I swear, every time I’ve sat down to write this post some new issue, breakthrough, or change has occured. It’s been six months since I incorporated, and it’s been quite a rollercoaster. I’m honestly not that surprised at how chaotic things have been since I got into this knowing how difficult building a business can be. With that said, most of what has unfolded in the past few months for me professionally has still been a surprise. I mean, I landed my first 5-figure contract, I let go of a long-term client, and I stopped traveling in favor of a routine. I know. It’s been a lot. So, let’s get into it, shall we?
First thing’s first, I have a new client and have secured my first big contract. Funnily enough, I was hired after lending my time to speak on a panel at an event I helped organize. I didn’t even participate in the event to promote myself, which just goes to show you that when you put your time, focus, and energy into what feeds you for selfless reasons, you still open yourself up to getting something just as great in return.
It still hasn’t hit me that I was able to negotiate a contract of this size after only being in business for a few months. The size of the project itself is also pretty extensive given that I’ve had to hire staff to help. The whole experience has been a very time-consuming process that’s still ongoing. I’ve already planned on writing another post about my experience once the project has wrapped. But, for right now, my main takeaways include the importance of negotiating a contract that you’re comfortable with, maintaining your integrity as a consummate professional, and getting absolutely every important action step or decision in writing.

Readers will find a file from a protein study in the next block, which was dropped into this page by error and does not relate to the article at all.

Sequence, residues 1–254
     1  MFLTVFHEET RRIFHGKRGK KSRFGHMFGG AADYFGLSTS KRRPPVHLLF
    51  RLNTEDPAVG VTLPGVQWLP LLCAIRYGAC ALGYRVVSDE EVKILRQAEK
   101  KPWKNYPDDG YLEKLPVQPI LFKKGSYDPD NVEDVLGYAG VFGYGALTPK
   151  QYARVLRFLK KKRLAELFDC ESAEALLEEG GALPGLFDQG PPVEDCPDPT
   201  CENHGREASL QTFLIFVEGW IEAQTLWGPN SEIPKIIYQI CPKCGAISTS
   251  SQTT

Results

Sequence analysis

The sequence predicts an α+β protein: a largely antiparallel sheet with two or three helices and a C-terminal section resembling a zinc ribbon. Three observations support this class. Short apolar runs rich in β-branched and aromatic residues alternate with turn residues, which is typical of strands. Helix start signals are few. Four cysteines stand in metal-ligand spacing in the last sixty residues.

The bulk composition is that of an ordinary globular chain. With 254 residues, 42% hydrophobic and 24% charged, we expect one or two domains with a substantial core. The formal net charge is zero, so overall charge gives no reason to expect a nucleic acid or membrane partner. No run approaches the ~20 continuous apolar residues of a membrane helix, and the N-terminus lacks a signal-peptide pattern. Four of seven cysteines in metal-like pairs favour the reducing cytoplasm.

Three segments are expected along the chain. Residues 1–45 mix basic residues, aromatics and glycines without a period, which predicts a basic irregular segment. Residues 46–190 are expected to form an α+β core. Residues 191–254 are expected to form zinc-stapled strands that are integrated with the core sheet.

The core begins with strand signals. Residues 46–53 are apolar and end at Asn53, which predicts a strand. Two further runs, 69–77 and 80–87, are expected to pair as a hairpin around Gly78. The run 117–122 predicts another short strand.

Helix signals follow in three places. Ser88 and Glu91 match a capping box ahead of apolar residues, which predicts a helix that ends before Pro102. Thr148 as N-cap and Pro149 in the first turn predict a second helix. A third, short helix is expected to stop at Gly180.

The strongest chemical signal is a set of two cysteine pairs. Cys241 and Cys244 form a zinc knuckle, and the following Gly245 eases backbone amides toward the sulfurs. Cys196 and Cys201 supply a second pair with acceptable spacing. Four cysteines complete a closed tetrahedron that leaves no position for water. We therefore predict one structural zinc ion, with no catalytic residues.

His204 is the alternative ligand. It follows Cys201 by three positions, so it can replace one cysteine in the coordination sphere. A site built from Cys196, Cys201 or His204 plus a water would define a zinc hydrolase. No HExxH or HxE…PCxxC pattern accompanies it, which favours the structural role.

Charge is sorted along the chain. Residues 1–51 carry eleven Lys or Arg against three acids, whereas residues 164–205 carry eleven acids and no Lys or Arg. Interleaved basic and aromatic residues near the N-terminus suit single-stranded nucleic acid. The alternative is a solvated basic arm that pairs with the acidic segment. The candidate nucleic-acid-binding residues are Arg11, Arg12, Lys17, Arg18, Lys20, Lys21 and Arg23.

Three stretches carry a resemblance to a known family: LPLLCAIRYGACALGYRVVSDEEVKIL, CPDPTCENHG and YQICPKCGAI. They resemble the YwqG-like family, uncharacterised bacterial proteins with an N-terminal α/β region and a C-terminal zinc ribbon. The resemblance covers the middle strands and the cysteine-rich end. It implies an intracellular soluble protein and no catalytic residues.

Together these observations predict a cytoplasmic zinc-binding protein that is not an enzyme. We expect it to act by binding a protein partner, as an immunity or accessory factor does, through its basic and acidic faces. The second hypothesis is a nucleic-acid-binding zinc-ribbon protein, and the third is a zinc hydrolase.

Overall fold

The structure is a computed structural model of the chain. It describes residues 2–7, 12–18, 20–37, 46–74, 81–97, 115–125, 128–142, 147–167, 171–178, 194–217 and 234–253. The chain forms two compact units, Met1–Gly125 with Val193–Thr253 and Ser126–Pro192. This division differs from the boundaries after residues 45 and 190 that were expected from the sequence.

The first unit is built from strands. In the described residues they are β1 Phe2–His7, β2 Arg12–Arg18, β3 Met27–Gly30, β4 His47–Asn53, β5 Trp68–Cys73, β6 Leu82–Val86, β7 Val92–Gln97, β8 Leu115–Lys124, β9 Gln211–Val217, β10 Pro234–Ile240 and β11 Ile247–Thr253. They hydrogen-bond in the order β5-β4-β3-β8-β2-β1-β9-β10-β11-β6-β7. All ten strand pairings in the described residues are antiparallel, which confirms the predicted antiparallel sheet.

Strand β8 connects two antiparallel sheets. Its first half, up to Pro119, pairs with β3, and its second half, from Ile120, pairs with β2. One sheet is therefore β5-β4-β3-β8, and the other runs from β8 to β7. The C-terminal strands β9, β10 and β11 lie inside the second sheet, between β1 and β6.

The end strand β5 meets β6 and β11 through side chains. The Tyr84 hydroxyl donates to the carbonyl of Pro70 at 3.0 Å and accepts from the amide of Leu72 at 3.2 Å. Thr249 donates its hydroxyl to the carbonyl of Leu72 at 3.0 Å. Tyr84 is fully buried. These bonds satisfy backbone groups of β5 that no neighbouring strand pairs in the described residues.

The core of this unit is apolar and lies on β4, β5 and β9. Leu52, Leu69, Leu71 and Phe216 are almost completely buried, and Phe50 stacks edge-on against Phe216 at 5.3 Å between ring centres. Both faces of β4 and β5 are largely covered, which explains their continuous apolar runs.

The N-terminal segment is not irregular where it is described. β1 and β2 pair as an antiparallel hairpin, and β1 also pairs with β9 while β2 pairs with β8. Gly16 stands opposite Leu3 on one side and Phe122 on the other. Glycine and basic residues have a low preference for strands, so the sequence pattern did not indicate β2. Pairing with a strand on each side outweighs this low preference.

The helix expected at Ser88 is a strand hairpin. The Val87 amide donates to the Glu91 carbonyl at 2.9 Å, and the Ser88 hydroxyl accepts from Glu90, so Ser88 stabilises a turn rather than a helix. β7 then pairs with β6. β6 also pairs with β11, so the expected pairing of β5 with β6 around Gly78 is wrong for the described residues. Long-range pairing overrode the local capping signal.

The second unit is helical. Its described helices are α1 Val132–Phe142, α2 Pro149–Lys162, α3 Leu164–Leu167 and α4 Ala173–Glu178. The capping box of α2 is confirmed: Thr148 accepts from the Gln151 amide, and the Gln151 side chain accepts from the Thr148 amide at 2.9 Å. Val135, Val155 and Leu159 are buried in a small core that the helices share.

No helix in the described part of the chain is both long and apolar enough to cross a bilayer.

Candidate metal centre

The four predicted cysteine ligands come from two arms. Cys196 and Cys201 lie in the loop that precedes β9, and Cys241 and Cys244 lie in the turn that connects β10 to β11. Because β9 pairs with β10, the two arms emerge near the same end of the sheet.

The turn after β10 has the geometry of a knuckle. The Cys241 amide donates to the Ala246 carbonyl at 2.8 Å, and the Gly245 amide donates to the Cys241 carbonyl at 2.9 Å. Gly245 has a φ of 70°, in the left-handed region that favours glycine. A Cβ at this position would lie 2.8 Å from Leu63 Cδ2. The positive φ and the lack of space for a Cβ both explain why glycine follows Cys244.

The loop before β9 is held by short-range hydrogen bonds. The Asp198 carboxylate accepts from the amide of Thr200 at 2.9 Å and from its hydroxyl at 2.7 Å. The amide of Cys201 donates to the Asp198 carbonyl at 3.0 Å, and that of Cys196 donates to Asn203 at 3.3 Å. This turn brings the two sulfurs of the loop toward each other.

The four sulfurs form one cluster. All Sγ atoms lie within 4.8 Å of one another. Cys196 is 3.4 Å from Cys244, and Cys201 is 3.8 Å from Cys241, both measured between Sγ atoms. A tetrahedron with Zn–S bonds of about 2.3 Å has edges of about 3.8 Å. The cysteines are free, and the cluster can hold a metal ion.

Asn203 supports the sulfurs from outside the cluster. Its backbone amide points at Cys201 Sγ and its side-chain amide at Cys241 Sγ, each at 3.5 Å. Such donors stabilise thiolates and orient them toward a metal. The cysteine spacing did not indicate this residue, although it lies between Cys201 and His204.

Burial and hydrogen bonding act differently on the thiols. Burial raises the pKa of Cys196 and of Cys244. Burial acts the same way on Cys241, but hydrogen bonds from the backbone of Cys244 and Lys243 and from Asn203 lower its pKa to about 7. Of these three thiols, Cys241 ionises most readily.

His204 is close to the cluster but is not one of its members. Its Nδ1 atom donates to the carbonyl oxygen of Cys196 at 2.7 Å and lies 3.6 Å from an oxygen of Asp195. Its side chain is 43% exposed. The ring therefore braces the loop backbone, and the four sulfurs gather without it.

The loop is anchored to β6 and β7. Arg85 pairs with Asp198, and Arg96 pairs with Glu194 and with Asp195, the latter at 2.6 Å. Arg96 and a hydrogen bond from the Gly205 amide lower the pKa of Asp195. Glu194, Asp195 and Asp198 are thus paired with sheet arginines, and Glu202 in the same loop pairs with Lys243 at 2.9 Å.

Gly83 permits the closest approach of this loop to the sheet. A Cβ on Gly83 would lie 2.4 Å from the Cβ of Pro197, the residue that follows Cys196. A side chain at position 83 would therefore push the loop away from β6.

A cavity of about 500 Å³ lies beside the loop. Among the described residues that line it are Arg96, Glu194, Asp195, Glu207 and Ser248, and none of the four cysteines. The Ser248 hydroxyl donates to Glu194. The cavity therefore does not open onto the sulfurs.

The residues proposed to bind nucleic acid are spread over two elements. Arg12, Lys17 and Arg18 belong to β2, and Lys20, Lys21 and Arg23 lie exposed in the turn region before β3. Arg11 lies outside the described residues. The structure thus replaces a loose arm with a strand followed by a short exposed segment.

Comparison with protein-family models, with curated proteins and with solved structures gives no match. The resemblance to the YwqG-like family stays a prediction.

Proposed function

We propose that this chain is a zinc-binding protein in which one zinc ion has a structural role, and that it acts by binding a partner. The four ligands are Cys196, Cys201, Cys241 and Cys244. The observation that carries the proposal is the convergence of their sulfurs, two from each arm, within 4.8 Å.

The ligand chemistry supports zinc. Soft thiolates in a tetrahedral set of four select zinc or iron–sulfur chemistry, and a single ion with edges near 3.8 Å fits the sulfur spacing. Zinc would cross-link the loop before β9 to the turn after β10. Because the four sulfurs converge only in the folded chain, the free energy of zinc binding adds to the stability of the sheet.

Learning When to Let Go
While I was gearing up to work on a project that I was thrilled about for a new client, I actually ended up having to let another client go. This was a client who I had previously done work for before incorporating, a detail that’s important to note. You see, before I decided to transition my freelance lifestyle into a full-fledge business, I still viewed myself as an MBA grad who was taking time to recover from a very intense academic experience and just needed to make ends meet. Therefore, I found myself on freelancing platforms like Upwork taking on work that would allow me to pay my bills on time. The bar pertaining to what I was and was not willing to put up with in regard to compensation and general work conditions was, frankly, set pretty low.
Cut to about a year later and this particular client approached me about working on another project that her and her business partner were interested in pursuing. We ultimately came to an agreement that I would work on the project for a trial basis, so that we both could get an understanding of how many hours I should expect to devote to the project and what my job responsibilities would be. However, I quickly realized once the trial was over that this particular client was uninterested in paying me what I was worth, but still expected me to spend a significant amount of time and energy producing high-quality work. It was then that I decided that despite our history working together, I had to end our professional relationship.
Finding Some Balance
I also stopped traveling for a little while and have been housesitting in areas closer to my hometown to give myself some room to focus on my current projects and building my business. I thought I would miss being in a different location every month, and sometimes I do. However, the time I once spent making travel arrangements, being in transit, and exploring new cities, is now being invested into my professional development and business growth. Needless to say, these investments are yielding me very good results. I now have a handful of clients that I can count on for steady work, which has allowed me to plan ahead and settle into an efficient routine that has allowed me to be productive rather than busy.